by Christina McKenna
"I learned about conflict from my parents." So begins Christina McKenna's haunting memoir of her lonely early life. Recounting scenes from her childhood in Ulster, she paints a memorable and poignant picture of violence and oppression with her uncaring father and protective mother, whose retaliation to her husband's penny-pinching came in the form of a secret yellow dress. Buy the book!
Christina’s formative years and her foray into the world, which begin with the daily trudge to and from school, are peopled by a troupe of bizarre and unforgettable characters dancing in and out of her life, filling her with awe and wonder. Among them are Miss McKeague, a gentle, calm and graceful religious zealot, Great Aunt Rose, the "Yankees," Norrie the transvestite, and in the wings, her stern, unyielding uncles, each vying for the ancestral money and land to the exclusion of all else.
At age eleven, she experiences a frightening paranormal occurrence, a prolonged haunting that confirms for her the reality of the spirit world. Though it affects her deeply, she later learns to channel her confusion into twin artistic passions: poetry and painting. The discordant nature of Christina McKenna's young life, and the feelings of inferiority it bred, lead her to examine all the limiting belief systems she grew up with, and question the validity of the hidebound Catholicism of her childhood.
This is a rite-of-passage account of two generations of Irish women, told with great humor and compassion. On the one hand is the writer; on the other the heroic mother who showed her love as best she could. McKenna concludes that our past, no matter how painful, need not keep us bound—once we choose love over hate. That choice, she suggests, will set us free.
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Christina McKenna is the author of the most reviewed Irish book of all time: The Misremembered Man.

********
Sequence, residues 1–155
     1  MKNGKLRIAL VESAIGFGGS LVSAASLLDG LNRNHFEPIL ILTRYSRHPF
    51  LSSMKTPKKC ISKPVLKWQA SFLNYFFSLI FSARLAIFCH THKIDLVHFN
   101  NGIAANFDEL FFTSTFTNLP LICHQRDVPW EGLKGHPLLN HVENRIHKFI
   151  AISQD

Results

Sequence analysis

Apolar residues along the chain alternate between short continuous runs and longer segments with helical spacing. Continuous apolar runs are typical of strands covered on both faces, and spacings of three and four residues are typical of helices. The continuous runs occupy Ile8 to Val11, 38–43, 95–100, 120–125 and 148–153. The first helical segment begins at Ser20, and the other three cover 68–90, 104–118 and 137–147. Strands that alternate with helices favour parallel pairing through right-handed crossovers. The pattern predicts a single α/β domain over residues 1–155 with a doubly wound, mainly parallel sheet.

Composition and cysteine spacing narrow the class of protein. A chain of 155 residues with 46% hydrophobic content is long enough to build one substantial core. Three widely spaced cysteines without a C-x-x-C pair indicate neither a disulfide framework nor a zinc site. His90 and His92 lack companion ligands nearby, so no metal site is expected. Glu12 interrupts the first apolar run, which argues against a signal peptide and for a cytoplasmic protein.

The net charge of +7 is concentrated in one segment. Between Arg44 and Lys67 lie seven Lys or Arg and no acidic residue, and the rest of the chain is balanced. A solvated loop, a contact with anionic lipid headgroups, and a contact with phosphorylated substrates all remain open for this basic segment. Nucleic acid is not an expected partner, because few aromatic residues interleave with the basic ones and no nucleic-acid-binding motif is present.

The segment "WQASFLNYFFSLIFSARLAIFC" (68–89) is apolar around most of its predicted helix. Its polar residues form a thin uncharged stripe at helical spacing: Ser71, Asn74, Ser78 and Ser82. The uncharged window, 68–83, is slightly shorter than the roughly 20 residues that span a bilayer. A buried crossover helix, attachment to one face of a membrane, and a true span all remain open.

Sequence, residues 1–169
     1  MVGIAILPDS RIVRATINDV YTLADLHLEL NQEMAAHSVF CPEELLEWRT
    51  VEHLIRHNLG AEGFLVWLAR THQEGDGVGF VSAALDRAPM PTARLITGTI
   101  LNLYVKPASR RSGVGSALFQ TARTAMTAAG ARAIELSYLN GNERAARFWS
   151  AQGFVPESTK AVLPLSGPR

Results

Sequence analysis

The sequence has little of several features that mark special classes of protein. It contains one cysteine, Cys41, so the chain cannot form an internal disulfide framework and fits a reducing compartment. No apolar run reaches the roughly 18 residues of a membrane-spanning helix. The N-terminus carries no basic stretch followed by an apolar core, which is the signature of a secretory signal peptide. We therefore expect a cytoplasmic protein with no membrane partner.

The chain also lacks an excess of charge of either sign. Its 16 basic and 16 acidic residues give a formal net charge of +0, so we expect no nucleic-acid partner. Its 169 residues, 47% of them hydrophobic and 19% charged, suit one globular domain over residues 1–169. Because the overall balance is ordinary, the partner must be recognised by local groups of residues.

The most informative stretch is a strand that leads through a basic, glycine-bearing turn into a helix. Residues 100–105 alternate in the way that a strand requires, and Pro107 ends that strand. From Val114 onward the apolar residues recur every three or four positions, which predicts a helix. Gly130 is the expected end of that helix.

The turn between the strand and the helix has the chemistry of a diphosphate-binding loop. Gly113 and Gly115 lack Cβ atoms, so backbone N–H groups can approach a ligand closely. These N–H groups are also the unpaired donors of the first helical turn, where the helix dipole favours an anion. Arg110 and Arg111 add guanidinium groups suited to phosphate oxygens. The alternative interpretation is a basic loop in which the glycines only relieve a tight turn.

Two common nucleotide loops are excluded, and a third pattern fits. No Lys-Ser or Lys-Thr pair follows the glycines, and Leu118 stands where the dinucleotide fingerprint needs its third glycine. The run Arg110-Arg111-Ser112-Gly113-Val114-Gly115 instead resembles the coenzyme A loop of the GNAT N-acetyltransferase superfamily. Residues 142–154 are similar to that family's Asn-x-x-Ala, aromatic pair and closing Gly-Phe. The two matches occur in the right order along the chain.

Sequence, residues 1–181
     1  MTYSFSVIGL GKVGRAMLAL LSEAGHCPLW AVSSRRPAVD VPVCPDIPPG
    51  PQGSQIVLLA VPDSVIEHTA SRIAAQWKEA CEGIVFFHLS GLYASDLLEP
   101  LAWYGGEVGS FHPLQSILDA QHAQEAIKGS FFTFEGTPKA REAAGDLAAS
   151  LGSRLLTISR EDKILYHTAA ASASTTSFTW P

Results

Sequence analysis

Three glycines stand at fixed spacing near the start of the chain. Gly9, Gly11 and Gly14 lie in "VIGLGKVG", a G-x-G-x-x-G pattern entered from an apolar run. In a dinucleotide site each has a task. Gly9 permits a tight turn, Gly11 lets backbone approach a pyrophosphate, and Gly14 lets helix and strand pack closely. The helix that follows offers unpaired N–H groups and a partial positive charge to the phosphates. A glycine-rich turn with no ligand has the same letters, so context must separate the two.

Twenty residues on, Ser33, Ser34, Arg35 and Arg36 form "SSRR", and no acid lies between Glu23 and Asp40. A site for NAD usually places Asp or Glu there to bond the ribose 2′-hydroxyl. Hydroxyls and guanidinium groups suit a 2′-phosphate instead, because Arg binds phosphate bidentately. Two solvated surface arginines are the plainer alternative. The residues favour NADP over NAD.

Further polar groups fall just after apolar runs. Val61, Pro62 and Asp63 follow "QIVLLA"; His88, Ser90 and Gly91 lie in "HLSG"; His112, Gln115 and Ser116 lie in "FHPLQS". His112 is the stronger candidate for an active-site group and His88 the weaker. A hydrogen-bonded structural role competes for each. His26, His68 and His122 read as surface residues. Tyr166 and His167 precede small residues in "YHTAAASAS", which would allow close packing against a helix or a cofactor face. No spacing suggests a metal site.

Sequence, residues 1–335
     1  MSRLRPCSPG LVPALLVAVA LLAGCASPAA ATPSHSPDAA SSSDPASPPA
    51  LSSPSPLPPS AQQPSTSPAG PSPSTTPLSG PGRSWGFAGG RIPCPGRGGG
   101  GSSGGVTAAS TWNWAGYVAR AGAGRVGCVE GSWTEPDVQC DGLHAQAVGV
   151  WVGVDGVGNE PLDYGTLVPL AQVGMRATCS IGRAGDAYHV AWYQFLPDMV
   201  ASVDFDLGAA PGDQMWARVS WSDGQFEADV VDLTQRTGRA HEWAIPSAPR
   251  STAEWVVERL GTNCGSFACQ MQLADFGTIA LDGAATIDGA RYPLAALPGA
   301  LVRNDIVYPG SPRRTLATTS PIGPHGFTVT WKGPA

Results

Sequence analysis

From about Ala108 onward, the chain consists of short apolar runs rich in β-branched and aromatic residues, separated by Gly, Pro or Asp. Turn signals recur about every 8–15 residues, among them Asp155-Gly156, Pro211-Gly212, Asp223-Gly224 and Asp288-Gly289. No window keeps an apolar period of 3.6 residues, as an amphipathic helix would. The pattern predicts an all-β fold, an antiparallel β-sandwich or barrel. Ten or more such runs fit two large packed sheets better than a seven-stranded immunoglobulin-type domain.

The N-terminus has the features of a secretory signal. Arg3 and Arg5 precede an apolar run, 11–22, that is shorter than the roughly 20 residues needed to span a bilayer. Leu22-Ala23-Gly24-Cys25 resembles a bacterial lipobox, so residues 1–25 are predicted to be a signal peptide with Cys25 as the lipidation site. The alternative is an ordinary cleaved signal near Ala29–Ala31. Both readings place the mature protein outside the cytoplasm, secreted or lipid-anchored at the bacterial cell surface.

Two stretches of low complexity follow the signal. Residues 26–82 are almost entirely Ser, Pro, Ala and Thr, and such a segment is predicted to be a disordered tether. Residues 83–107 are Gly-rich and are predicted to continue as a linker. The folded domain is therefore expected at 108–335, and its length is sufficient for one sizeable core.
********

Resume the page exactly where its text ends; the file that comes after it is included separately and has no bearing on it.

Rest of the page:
She grew up near the village of Draperstown, Northern Ireland. She trained as an artist before becoming a full-time author.
My Mother Wore a Yellow Dress was her first book, published to great critical acclaim in 2004. It was described as a "redemptive postscript to over a decade of Irish childhood memoirs, concluding that our past, no matter how painful, need not keep us bound." She updated and revised it in 2014 and it's now available both as a paperback and a Kindle.
The memoir was followed by two nonfiction titles dealing with the paranormal: The Dark Sacrament and Ireland's Haunted Women.
Her next project took the form of a novel, in her opinion the most difficult type of writing. The genesis of The Misremembered Man came to her in a particularly lucid dream—evidence that, in some cases, dreams do indeed come true! Her novel was published in the USA in 2008, and is a tragicomedy set in the fictional village of Tailorstown. It's book one in The Tailorstown Trilogy.
Book two, The Disenchanted Widow, set largely in the same fictional village of Tailorstown and its immediate locality, was published in 2013.
Book three of the trilogy, The Godforsaken Daughter, was published in 2015. It sees a return of several characters from the earlier novels, including Jamie McCloone, the star of The Misremembered Man.
Published on October 12, 2017, The Spinster Wife is a departure for her, it being a gripping, psychological mystery. It features many of the places familiar to readers of The Tailorstown Trilogy. A surprise ending will have even the most astute reader guessing.
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by Christina McKenna